So you favor bringing facing back, and not allowing a melee combatant to attack anyone other than the last creature it attacked as long as that creature is upright and within mutual reach - and granting advantage to attacks on it by anyone else.

I'm sure that'll be popular.

Sorry, melee combatants being able to deal with multiple opponents simultaneously is an EXTREMELY common trope.

And it doesn't matter if an enemy can *hear* that you appear to have dropped your sword and be limping.
"The world does not work the way you have been taught it does. We are not real as such; we exist within The Story. Unfortunately for you, you have inherited a condition from your mother known as Primary Protagonist Syndrome, which means The Story is interested in you. It will find you, and if you are not ready for the narrative strands it will throw at you..." - from Footloose
Agreed. There's nothing stopping a Fighter from having Charisma and using it to trick enemies into attacking, and there's no reason for any character to be able to rely on one ability score for everything.

Yes there is.  Especially in a point buy system. A limit in stat numbers, and the fact that ONLY ONE power would use it.  And it wouldn't be a power you start off with.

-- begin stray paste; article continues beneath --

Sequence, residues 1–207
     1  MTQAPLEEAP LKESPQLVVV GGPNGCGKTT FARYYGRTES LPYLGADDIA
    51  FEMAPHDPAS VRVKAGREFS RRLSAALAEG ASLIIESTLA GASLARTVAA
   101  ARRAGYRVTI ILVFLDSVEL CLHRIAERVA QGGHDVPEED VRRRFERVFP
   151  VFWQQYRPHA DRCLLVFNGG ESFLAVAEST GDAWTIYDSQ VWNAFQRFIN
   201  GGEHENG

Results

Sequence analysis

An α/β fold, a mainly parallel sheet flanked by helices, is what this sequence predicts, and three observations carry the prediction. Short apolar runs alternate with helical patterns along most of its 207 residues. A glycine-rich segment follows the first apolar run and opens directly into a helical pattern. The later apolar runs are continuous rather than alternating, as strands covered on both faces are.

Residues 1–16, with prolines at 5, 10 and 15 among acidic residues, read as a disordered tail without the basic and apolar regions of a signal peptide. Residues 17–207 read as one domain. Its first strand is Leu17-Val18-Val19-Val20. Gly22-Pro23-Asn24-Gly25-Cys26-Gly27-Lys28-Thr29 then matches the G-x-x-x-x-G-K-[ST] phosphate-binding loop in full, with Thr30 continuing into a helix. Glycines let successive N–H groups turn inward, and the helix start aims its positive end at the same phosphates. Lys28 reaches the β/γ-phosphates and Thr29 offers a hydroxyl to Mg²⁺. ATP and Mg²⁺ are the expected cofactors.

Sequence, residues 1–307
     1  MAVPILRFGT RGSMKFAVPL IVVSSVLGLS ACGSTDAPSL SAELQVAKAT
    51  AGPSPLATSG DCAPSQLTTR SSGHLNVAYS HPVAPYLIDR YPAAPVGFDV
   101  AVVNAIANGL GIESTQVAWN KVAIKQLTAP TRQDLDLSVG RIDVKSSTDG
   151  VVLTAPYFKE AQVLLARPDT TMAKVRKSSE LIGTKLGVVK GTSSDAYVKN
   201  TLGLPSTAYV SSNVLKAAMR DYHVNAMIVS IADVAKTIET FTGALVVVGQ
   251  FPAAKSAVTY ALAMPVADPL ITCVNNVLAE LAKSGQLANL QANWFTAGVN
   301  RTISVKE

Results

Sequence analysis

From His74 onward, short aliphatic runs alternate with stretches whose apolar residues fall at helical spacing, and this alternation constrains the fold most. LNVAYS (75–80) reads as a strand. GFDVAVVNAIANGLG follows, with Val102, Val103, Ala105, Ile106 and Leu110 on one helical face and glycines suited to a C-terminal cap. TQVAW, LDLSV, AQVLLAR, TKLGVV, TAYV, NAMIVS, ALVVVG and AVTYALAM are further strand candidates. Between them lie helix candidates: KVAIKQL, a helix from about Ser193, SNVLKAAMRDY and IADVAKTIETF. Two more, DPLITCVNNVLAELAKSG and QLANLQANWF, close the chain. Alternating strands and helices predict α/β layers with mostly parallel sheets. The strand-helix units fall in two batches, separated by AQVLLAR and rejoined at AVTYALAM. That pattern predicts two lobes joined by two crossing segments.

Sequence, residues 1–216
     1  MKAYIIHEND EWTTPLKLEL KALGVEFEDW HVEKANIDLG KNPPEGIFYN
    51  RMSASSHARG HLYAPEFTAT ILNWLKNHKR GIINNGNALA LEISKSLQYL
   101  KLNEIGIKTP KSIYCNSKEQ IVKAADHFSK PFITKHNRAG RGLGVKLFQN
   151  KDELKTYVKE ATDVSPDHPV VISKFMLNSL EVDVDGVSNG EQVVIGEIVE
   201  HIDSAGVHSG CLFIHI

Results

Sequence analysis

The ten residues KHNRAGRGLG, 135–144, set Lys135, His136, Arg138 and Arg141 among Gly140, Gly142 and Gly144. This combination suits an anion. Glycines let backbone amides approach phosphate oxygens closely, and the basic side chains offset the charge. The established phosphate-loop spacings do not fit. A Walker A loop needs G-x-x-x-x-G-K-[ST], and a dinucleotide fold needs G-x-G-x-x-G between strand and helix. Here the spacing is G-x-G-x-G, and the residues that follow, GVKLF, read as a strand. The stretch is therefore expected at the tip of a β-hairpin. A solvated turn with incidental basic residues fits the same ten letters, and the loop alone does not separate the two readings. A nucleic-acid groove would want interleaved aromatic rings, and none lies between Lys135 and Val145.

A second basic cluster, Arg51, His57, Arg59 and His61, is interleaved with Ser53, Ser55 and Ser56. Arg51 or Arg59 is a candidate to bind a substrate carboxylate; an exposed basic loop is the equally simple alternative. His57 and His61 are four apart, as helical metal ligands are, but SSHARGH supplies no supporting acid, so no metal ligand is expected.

If point buy (or assign-to-taste) is preventing you from having the necessary stats to play the character you want (which it is, since it is directly responsible for system design expecting high stats instead of leaving them optional), then that's all the more reason we should go back to organic rolls.
Come and Get It is a magic Fighter Power, deal with it. 

In the 4E game I'm running now, it is explicitly a magical spell.  If the mechanics don't match the presentation, then one or the other needs to be changed.

The metagame is not the game.

As for it being 'non-magical', bullpucky.  In a mass melee between say, 5 against 6+ the idea that your opponents will be able to HEAR your taunts or even being paying attention to anything but 'Stab the dood in front of me' is PURE magic.

So you favor bringing facing back, and not allowing a melee combatant to attack anyone other than the last creature it attacked as long as that creature is upright and within mutual reach - and granting advantage to attacks on it by anyone else.

I'm sure that'll be popular.



Where did you get this from????

Sorry, melee combatants being able to deal with multiple opponents simultaneously is an EXTREMELY common trope.

And it doesn't matter if an enemy can *hear* that you appear to have dropped your sword and be limping.




If they got opponents that they are already engaged?  Yeah, they can deal with you later.  No weapon?  You're hurt?  You are NO LONGER A THREAT.  The guy in front of them?  He dies first.  You might even die of blood loss before they get to you, even better!  Again, either way, you are NOT a threat.